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JCHA MARKER PROGRAM

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Edgewood Lake sign

Historical Marker Locations

  • Independent Presbyterian Church
  • The Little Theatre
  • The Alabama Theatre
  • Shades Valley High School (original site)
  • Mountain Brook
  • Homewood
  • Rosedale
  • Hollywood
  • Edgewood
  • Briarwood Presbyterian Church
  • Will Franke/Early Mountain Brook Village
  • St. Vincent's Hospital
  • Oldest House in Shades Valley/Irondale Furnace Commissary
  • Union Hill Cemetery/Union Hill Methodist Episcopal Church/Union Hill School
  • Lane Park
  • Birmingham Water Works Company/Cahaba Pumping Station
  • Irondale Furnace/Wallace S. McElwain
  • The Old Mill/Robert Jemison, Jr.
  • Brock's Gap/The South & North Railroad Cut/Gateway to Birmingham
  • Canterbury United Methodist Church
  • Edgewood Lake

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This Month in Jefferson County History

March 2, 1966: Alabama native Luther Leonidas Terry begins serving as U.S. Surgeon General under President John F. Kennedy. Terry was born in Red Level in 1911 and graduated from Birmingham-Southern College in 1931. As Surgeon General he issued a landmark report on smoking and health that raised awareness among policymakers and the public about the dangers of smoking.

March 3, 1817: The Alabama Territory is created when Congress passes the enabling act allowing the division of the Mississippi Territory and the admission of Mississippi into the union as a state. Alabama would remain a territory for over two years before becoming the 22nd state in December 1819. Jefferson County was also established in 1819.

March 24, 1961: The U.S. Supreme Court declares poll taxes are unconstitutional including those in Jefferson County.

March 26, 1910: Orville Wright pilots the first plane in Alabama, causing the Montgomery Advertiser to report "a strange new bird soared over the cotton fields 90 miles south of Birmingham." The Wright brothers came to Montgomery to set up a pilots’ training school. Several pilots were trained, but the brothers left the area by the end of May. Replacement parts for broken machinery were difficult to locate in the area and the flyers' efforts were frustrated by numerous spectators during their stay. The Wright’s eldest brother, Reuchlin, is thought to have lived in Birmingham.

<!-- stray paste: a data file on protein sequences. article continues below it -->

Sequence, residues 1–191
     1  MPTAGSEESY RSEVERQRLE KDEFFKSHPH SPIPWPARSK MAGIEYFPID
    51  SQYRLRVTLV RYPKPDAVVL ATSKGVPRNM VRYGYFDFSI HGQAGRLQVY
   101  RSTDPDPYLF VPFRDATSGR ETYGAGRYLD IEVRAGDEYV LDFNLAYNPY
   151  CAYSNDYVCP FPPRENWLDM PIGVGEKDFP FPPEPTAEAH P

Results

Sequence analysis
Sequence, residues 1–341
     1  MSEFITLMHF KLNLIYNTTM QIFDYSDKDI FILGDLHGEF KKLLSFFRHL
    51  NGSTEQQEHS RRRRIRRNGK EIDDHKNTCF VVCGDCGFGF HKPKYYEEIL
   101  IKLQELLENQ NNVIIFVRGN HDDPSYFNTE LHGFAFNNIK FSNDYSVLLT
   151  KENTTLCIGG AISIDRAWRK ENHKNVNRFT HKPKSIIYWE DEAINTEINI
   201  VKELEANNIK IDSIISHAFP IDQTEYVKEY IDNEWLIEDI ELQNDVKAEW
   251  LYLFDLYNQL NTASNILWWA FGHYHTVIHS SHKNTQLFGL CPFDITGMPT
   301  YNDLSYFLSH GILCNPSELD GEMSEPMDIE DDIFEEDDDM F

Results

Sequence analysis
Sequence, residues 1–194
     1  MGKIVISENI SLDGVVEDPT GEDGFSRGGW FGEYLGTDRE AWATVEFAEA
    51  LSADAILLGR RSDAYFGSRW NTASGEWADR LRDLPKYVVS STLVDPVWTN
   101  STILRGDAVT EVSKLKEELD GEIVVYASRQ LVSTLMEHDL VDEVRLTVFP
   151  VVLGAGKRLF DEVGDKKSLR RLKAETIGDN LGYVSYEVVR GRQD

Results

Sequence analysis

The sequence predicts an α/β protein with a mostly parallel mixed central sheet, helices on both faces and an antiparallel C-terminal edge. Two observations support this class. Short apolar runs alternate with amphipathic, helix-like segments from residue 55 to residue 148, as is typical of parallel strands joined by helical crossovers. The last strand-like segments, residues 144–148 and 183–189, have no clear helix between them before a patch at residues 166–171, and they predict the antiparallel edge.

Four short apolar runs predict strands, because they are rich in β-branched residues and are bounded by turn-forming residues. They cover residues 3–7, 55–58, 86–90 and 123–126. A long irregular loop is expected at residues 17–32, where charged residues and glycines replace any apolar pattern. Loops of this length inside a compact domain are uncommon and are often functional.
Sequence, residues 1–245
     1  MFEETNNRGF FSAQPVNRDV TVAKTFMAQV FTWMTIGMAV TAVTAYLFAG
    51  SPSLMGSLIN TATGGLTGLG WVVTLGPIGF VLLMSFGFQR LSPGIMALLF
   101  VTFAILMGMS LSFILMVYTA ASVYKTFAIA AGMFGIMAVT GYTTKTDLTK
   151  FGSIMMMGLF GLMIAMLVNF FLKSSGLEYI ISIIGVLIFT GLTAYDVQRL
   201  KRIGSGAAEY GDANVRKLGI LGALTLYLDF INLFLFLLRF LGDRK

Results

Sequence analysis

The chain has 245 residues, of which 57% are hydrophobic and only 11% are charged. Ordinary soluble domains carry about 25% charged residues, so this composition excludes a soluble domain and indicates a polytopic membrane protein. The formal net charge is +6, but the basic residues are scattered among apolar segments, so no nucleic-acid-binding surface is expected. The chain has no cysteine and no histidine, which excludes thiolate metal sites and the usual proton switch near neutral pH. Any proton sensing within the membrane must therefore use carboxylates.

March 30–31, 1865: Oxmoor, Irondale and Tannehill Furnaces attacked by federal forces during Wilson’s Raid.

ABOUT US

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Jefferson County Historical Association meeting

Recent meeting of the Jefferson County Historical Association

The Jefferson County Historical Association is dedicated to preserving and publicizing local history through regular meetings, publications and events. Founded in 1975 to promote historical preservation efforts, the society has grown to over 300 members.

It meets four times a year to hear outstanding speakers, plan programs and projects and discuss items of mutual interest. The society is governed by a 16-member board of directors chaired by the JCHA president. Several committees are at work on projects including media outreach, publications, awards and historical markers.

The JCHA newsletter is mailed to members and is also available on this site.

Formerly known as the Birmingham-Jefferson Historical Society, the organization changed its name in 2010 to better reflect its mission to the metropolitan area.

Josiah Morris

Josiah Morris–an early founder of Birmingham

Jefferson County, founded in 1819 and named for the third U.S. president Thomas Jefferson, grew rapidly in the early 1880s to become the largest county in Alabama. It is the location of 35 municipalities including Birmingham, Alabama’s largest city.

While the original immigrants, mostly veterans from the War of 1812, had agricultural pursuits in mind their attention quickly shifted to the area’s immense mineral wealth which gave rise to the iron and steel industry. By 1910, Alabama, largely because of the mines and mills in and around Birmingham, ranked third in the nation in iron ore mining and fourth in pig iron production. It also became a major steel producer.

Southern Railway train Sunnyland

Southern Railway train "Sunnyland" leaving Birmingham, 1948

Today, Birmingham, founded six years after the Civil War ended, is the South’s leading industrial center.

Since 1992, the JCHA has erected 20 historical markers throughout Jefferson County, the most of any local historical society. The 30" x 42" cast aluminum markers cost about $2,200 each with funding coming from interested parties.

Tom West, former chairman of the Marker Committee and the innovator of the program, referred to the signs as "a history book on a pole." Persons wishing to suggest a subject and location for a historical marker should contact Alice Williams. A review committee consists of two society members and an interested third party.

Ensley mill 1909

Ensley Steel Mill circa 1909

Downtown Birmingham Today

Interior, General Waiting Room, Terminal Station in Birmingham.
This structure, built in 1909, was torn down in 1969.

Downtown Birmingham Today

Terminal Station circa 1950's